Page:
Several studies have been conducted to clarify the relationship between DM 2, chronic pancreatitis and the risk of developing pancreatic cancer. Prizment et al.  showed that a particular single nucleotide polymorphism (SNP) associated with diabetes may also be associated with pancreatic cancer risk. Additionally, they observed that there were more cases of DM 2 in patients diagnosed with pancreatic cancer than among control patients who did not have a diagnosis of cancer. Another hypothesis, proposed by Braun, Bitton-Worms and LeRoith , was that insulin resistance, chronic inflammation and oxidative stress influence the development of pancreatic cancer because these processes are associated with both DM 2 and chronic pancreatitis. When the pancreatic beta cells are aberrantly hyperactive, the pancreatic tissue is exposed to high levels of insulin, which in turn has growth-promoting and mitogenic action, inducing cell proliferation. The tumor cells have a mechanism for capturing glucose that is independent from insulin, which confers a metabolic advantage. It is known that the high concentration of glucose in tissues leads to the formation of reactive oxygen species (ROS) that activate pro-inflammatory cytokines, which in turn, stimulate angiogenic factors such as VEGF . By immunohistochemistry with CD34 and D2-40 antibodies, the blood and lymphatic vessels were identified, counted and tabulated. For statistical purposes, the values were dichotomized as low and high BVD or LVD (Figure 1). By comparing the LVD and the clinical-pathological parameters (Table 2), we found an inverse relationship between LVD and death events (p=0.002). No relationship was found between BVD and the clinical-pathological parameters. A similar result was found by Kaplan-Meyer survival curve analysis (Figure 3), in which low LVD was also related to poor patient survival and a bad prognosis (p=0.021).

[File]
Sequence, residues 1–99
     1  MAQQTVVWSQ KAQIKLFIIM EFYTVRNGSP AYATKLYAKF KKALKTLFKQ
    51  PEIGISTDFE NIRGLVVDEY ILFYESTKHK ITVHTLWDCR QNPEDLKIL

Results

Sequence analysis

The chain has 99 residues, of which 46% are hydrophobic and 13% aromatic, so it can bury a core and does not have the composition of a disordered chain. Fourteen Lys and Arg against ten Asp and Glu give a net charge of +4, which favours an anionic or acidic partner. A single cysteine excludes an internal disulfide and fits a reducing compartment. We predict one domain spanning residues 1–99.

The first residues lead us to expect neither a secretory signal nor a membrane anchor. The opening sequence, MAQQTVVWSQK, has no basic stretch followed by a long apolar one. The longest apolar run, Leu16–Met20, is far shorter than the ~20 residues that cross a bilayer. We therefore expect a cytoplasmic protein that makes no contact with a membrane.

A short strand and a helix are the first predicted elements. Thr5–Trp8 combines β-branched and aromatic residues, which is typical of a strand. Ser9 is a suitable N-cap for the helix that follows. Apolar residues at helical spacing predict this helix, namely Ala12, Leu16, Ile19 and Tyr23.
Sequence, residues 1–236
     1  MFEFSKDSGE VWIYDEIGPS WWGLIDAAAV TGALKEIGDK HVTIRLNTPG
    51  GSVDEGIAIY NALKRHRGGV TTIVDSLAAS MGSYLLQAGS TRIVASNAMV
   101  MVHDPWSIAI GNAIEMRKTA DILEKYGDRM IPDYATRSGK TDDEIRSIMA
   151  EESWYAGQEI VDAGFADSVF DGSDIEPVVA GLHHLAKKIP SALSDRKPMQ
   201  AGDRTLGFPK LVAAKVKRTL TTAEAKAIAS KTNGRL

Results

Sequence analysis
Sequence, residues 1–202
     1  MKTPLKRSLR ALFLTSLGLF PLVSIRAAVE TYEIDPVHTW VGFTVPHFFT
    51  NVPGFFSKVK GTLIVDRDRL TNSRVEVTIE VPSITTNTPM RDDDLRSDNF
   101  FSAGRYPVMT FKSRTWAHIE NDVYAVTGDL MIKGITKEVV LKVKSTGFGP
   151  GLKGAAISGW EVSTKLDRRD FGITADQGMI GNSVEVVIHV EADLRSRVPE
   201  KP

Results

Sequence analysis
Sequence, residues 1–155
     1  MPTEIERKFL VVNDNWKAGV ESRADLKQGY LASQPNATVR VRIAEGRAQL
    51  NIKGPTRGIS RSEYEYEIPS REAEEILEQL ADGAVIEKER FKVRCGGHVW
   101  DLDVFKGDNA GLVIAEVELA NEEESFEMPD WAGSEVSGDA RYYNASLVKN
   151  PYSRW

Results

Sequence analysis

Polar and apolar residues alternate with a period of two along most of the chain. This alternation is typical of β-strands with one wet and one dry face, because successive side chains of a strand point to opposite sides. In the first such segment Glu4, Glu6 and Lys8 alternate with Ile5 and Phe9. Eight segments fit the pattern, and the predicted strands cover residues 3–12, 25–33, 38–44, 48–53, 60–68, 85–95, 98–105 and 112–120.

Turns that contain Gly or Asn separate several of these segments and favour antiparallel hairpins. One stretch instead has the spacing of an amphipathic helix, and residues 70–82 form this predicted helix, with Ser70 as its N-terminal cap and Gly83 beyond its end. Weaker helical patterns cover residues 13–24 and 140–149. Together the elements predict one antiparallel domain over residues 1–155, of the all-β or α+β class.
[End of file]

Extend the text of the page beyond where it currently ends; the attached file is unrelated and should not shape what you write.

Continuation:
The vascularization is considered an important step for tumor progression , so it is surprising the lack of association between BVD and prognostic parameters. However, the absence of a relationship between BVD and prognostic parameters found in our study was also previously reported by Kawauchi et al.  in synovial sarcomas. In squamous cell carcinoma of the larynx, Sullu et al. (2010) found that blood vessel density was significantly higher in high-grade tumors but did not correlate with other prognostic parmeters . This lack of correlation between BVD and prognostic parameters could be due the tendency for pancreatic cancer to metastasize via the lymphangiogenic pathway. However, it also must be emphatizided that vascular diffusion density may also be involved in this process since only tumour cells within a distance less than 20 micro from the nearest neighbouring vessel are considered important for prognostic purpose .
The relationship between LVD and tumor behavior is controversial and has only been recently reported in the literature. Sleeman and Thiele  established a relationship between LVD and lymph node metastases in different types of tumors. Additionally, studies have demonstrated a positive relationship between peritumoral and/or intratumoral LVD, lymph node metastases and poor prognosis in squamous cell head and neck, endometrial and gastric tumors. On the other hand, no relationship was observed in pancreatic, ovarian and transitional cell bladder adenocarcinomas. Other reports have yielded conflicting results, such as in breast, lung, colorectal and oral esophageal cell tumors .